Nanoparticles have a physical dimension comparable to the size of molecular structures on the cell surface. Therefore, nanoparticles, compared to larger (e.g., micrometer) particles, are considered to behave differently when they interact with cells.
Nanoparticles in the Lung: Environmental Exposure and Drug Delivery provides a better understanding of how inhaled nanoparticles behave in the human lungs and body. Featuring contributions from renowned subject-matter experts, this authoritative text describes the sequence of events that nanoparticles encounter in the lungs when moving from the air into the bloodstream. This includes deposition, interactions with the alveolar surface and epithelium, translocation across the air–blood tissue barrier, and accumulation in the body.
In addition, the book addresses practical considerations for drug delivery to the respiratory tract, drug and gene delivery in the lungs, and bio-nanocapsules. It considers the physicochemical, colloidal, and transport properties of nanoparticles, and presents cutting-edge research on special issues such as dosimetry for in vitro nanotoxicology, nanoparticle deposition in the developing lungs, and the potential for nose-to-brain delivery of drugs.
Nanoparticles in the Lung: Environmental Exposure and Drug Delivery offers the most updated and comprehensive knowledge of the risks and benefits associated with nanoparticle inhalation—to protect humans from any harmful effects and to explore the utility of nanoparticles as drug delivery carriers.
Introduction; Akira Tsuda and Peter Gehr
Section I: Gas Phase
Deposition; Akira Tsuda and Frank S. Henry
Section II: Airway/Alveolar Surface
Interaction with the Lung Surface; Peter Gehr and Akira Tsuda
Role of the Biomolecule Corona in Nanoparticle Fate and Behavior; Iseult Lynch
Interaction with Alveolar Lining Fluid; Vincent Castranova, Dale W. Porter, and Robert R. Mercer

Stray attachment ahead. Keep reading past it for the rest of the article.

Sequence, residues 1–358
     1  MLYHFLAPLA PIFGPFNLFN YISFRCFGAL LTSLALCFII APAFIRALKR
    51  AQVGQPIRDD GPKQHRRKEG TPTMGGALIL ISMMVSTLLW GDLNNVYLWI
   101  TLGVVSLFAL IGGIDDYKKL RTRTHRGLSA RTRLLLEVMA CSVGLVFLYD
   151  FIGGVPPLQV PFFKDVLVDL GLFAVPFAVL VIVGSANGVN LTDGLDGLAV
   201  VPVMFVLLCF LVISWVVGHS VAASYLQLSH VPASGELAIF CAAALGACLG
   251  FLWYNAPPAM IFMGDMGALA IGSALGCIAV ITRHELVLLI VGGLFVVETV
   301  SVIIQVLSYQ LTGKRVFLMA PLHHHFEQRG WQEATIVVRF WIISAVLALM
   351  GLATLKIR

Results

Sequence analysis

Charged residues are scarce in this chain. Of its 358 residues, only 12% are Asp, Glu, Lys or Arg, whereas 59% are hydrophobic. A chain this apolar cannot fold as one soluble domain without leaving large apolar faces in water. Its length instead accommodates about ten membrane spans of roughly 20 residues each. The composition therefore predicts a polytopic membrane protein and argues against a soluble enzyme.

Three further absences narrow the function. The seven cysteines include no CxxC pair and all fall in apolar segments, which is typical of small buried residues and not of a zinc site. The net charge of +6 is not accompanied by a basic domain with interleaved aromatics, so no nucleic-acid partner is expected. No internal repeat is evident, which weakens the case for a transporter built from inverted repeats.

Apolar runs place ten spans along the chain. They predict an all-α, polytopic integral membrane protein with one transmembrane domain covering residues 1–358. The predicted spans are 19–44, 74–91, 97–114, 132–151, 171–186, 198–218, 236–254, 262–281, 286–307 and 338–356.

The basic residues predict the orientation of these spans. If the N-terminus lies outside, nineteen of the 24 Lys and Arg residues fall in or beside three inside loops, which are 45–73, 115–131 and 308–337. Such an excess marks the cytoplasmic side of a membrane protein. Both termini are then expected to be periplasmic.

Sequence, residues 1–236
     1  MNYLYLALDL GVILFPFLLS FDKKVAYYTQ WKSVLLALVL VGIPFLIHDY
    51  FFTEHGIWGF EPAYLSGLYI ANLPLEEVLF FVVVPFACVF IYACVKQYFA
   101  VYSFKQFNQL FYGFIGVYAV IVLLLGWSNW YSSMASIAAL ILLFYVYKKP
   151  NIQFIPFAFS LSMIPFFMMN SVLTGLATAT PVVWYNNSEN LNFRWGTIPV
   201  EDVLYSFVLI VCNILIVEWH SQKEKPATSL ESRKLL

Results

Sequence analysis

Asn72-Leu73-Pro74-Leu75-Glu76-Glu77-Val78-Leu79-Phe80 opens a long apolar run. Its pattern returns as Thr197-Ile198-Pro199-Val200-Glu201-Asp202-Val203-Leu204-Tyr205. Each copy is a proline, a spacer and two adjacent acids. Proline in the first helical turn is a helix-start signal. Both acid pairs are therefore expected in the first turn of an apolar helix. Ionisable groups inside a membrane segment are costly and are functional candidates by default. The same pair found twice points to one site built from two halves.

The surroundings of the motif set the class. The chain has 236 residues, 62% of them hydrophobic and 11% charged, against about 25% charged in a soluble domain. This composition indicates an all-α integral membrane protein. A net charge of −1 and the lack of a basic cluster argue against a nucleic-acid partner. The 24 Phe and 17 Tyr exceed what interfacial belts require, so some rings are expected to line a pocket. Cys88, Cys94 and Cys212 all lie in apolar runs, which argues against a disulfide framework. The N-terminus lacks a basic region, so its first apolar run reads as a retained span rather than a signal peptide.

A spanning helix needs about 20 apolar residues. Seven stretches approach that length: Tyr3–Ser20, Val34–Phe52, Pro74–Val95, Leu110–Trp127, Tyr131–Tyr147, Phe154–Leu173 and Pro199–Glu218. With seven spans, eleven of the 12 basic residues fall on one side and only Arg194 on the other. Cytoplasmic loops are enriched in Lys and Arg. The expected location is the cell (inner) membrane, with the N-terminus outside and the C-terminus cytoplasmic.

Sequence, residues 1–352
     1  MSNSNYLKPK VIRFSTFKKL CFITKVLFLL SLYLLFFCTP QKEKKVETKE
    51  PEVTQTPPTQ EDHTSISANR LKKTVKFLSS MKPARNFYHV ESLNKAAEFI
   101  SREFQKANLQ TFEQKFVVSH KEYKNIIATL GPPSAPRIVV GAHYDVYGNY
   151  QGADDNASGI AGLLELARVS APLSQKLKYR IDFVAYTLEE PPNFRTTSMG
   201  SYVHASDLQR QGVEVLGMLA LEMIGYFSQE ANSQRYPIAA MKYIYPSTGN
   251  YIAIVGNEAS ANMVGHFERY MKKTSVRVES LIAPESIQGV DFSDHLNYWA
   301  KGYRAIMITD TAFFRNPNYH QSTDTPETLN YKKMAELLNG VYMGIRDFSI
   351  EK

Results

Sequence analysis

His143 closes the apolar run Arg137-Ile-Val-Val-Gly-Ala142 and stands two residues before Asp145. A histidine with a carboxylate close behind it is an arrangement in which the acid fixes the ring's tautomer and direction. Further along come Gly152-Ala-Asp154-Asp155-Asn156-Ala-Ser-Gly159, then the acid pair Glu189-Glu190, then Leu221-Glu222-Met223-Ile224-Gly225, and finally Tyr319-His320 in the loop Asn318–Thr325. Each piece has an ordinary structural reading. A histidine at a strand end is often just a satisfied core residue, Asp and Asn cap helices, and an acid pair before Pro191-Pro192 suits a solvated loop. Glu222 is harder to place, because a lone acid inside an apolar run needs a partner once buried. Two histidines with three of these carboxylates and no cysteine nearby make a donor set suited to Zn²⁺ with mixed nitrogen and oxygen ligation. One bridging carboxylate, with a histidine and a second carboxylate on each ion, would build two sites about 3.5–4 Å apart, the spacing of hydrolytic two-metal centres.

Interaction with Lung Macrophages; Barry Weinberger, Patrick J. Sinko, Jeffrey D. Laskin, and Debra L. Laskin
Section III: Crossing Epithelial Cells
Interactions with Alveolar Epithelium; Farnoosh Fazlollahi, Yong Ho Kim, Arnold Sipos, Zea Borok, Kwang-Jin Kim, and Edward D. Crandall
Mechanistic Aspects of Cellular Uptake; Lennart Treuel, Xiue Jiang, and Gerd Ulrich Nienhaus
Cellular Uptake and Intracellular Trafficking; Barbara Rothen-Rutishauser, Dagmar A. Kuhn, Dimitri Vanhecke, Fabian Herzog, Alke Petri-Fink, and Martin J.D. Clift
Section IV: Translocation
Translocation across the Air–Blood Tissue Barrier; Fabian Blank, Christophe von Garnier, Peter Gehr, and Barbara Rothen-Rutishauser
The Pulmonary Lymphatic System; Akira Tsuda
Translocation and Accumulation in the Body; Wolfgang G. Kreyling
Section V: Drug Delivery to the Respiratory Tract
Practical Considerations for Drug Delivery to the Respiratory Tract; John S. Patton
Drug and Gene Delivery in the Lungs; Satoshi Uchida, Keiji Itaka, and Kazunori Kataoka
Bio-Nanocapsules: Novel Drug Delivery; Shun’ichi Kuroda
Section VI: Special Issues
Physicochemical, Colloidal, and Transport Properties; Heinrich Hofmann, Lionel Maurizi, Marie-Gabrielle Beuzelin, Usawadee Sakulkhu, and Vianney Bernau
Dosimetry for In Vitro Nanotoxicology: Too Complicated to Consider, Too Important to Ignore; Joel M. Cohen and Philip Demokritou
Potential for Nose-to-Brain Delivery of Drugs; Lisbeth Illum
The Developing Lungs; Akira Tsuda and Frank S. Henry
Nanotoxicology; Dominique Balharry, Eva Gubbins, Helinor Johnston, Ali Kermanizadeh, and Vicki Stone
Summary; Peter Gehr and Akira Tsuda
"The book presents the state of our current knowledge of the pulmonary-nanoparticle interface in a balanced, extensively researched way… This is a great reference text that I would want on my bookshelf. It also should be on the bookshelves of all students of nanomedicine."
—Ellis H. Tobin, M.D., Albany Medical College and SUNY College of Nanoscale Science and Engineering, New York, USA
"This book is an incredibly timely and relevant contribution to the scientific community, as nanotechnology advances at breakneck pace. Emerging medical applications as well as the potential for unwanted or adverse health effects due to nanoparticle exposures are both addressed in detail. This work will serve as an excellent resource for researchers, clinicians, public health professionals, and others who are working to advance the state of the science where nanoparticles and the respiratory track collide."
–Sara Brenner, MD, MPH, SUNY Polytechnic Institute, Colleges of Nanoscale Science and Engineering, Albany, New York, USA